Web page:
DOF Estimates For Macro/Micro (depth of field, step sizes)
The best step size for macro/micro applications depends strongly on several things:
- Aperture setting
- Lens quality
- Resolution needed in the final result
So, if you need to determine an optimum step size for the purpose of shooting many similar stacks, then the best way to proceed is by a multi-step structured experiment:
- Determine the magnification you need.
- At that magnification, determine the smallest aperture (biggest f-number) that gives the resolution you need. A good way to do this is by running a short series of tests, varying the aperture setting.
- At that magnification and aperture setting, determine the largest step size that does not give visible focus banding. A good way to do this is by shooting a single stack with a step size that is much smaller than you need, then processing the stack multiple times while changing the setting of Options > Preferences > Preprocessing > “Stack every N'th frame” to 1, 2, 3, 4, etc. Compare result images to find the largest N that does not give focus banding, then multiply the actual step size by N to find the optimum step size.
Take notes about what you find and you will quickly develop a table of settings and step sizes that are optimized for your own equipment, your own applications, and your own preferences. This table will be significantly different for different people.
However, if you're starting from scratch or doing a new type of stack, then surely you could use some guidance about what settings would be reasonable to start with. That's what the tables on this page are for.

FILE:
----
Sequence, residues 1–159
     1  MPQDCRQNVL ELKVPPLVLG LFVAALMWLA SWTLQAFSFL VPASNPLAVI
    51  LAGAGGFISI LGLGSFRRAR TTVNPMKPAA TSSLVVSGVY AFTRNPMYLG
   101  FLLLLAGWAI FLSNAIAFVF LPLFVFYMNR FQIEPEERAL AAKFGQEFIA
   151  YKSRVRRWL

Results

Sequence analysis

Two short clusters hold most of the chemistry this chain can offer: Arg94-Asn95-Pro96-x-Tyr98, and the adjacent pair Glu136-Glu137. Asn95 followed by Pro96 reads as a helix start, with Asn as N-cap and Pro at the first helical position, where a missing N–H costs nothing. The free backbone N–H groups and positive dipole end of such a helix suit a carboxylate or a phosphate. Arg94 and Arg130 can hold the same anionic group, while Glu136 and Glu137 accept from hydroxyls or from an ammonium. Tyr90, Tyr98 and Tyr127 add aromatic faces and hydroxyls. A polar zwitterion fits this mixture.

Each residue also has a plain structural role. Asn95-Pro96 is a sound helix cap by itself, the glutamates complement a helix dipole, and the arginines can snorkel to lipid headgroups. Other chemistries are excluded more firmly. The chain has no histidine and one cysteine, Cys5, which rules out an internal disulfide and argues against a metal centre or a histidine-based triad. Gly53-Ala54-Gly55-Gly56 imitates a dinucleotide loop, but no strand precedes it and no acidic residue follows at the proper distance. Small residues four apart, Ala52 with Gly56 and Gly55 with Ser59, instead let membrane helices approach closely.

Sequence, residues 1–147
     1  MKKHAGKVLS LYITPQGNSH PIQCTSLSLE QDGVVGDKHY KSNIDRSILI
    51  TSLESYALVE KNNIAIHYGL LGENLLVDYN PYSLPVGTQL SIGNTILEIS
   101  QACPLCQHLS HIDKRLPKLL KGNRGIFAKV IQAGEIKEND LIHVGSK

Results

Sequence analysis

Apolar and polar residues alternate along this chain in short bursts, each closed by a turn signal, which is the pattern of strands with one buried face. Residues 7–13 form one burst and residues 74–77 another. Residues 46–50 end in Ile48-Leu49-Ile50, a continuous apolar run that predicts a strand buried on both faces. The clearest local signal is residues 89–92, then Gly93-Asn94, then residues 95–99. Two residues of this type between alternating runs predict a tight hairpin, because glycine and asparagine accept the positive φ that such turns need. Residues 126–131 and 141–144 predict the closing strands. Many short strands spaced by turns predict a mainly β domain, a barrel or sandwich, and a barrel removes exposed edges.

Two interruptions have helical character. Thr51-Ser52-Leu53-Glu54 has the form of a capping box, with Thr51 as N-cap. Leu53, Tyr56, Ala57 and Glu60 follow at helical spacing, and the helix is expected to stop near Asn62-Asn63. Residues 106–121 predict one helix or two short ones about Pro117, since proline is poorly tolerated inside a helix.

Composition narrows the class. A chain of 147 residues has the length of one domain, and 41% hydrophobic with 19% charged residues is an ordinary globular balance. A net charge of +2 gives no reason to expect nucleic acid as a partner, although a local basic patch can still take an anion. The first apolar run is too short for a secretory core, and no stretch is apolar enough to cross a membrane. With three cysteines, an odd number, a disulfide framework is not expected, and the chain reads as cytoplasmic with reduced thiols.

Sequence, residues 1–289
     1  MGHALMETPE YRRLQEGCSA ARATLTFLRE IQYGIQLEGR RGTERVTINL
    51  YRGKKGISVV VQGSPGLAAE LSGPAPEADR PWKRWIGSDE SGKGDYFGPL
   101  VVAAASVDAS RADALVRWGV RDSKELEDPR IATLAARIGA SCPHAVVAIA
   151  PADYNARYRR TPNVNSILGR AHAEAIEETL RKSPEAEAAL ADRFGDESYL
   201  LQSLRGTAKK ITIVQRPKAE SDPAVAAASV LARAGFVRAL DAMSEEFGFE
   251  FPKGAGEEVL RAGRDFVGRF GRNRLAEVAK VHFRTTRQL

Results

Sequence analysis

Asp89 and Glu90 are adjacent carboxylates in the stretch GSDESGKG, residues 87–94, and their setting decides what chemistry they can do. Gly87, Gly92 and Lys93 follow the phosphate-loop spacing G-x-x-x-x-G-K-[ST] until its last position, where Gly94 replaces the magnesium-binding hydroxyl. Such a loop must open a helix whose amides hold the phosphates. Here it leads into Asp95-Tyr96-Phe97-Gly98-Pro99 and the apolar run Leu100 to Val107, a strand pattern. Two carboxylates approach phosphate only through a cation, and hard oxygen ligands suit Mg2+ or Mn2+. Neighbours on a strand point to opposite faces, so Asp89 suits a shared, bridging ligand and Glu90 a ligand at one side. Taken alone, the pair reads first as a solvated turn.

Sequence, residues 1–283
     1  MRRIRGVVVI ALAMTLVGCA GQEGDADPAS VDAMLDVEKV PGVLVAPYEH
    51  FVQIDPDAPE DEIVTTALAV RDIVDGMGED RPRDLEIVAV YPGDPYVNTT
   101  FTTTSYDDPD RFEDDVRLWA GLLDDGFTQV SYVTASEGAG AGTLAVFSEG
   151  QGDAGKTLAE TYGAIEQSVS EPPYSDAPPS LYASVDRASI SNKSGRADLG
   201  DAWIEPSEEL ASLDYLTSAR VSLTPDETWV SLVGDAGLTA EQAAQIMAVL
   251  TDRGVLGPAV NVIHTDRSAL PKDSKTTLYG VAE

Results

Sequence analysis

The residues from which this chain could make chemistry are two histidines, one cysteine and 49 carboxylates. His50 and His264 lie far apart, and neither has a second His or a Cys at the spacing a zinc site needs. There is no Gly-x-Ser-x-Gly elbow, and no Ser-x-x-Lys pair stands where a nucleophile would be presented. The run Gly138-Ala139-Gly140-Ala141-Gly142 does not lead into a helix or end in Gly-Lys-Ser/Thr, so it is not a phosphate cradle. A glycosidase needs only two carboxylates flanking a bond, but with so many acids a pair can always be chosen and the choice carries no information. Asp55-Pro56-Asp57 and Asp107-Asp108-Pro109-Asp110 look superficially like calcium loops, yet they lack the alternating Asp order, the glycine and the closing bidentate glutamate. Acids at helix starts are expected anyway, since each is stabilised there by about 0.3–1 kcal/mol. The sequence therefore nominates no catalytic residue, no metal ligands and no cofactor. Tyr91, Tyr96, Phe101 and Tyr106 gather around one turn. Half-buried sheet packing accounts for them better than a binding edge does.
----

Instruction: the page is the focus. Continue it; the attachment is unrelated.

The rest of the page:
Using these tables is essentially a three-step process with no experimentation:
- Use Table 1 to determine magnification, by framing your subject and measuring the frame width.
- Use a second table to choose an aperture setting and determine the associated DOF and maximum step size.
- Adjust step size if desired, so as to give more overlap between focus bands and/or choose values that are simple to use with your setup. Many people like to use about 0.7 times the values given in these tables.
Step 1: Determine Magnification From Frame Width
To use Table 1, first frame your subject by adjusting lenses, bellows, etc. Measure the frame size by carefully placing a small ruler in front of the subject and adjusting the camera position to focus on the ruler. Then determine the approximate magnification by looking it up in this table. Probably your number will fall between two table entries. In that case just pick the closer value or interpolate to get a more accurate value.
Or if you like, you can just use a calculator: magnification = sensor width / frame width.
Table 1 – Determine magnification from frame width and sensor size
|Frame Width||Four-Thirds||APS-C (1.6X crop)||Full Frame (36×24 mm)|
Numbers in the above table can be reproduced as magnification = SensorWidth / FrameWidth .
Example: Frame width 70 mm on full frame (sensor width 36 mm) computes as magnification = 36 / 70 = 0.5143 .
Step 2: Determine Aperture and Step Size
Now that you know the magnification, you can use one of the following tables to estimate best aperture and step size.
The first Table 2-A is for users who fit any of the following profiles:
- All users of twist-to-focus macro lenses, except for modern Nikons. (There's a separate table below for them.)
- All users of normal or enlarging lenses on bellows or extension tubes.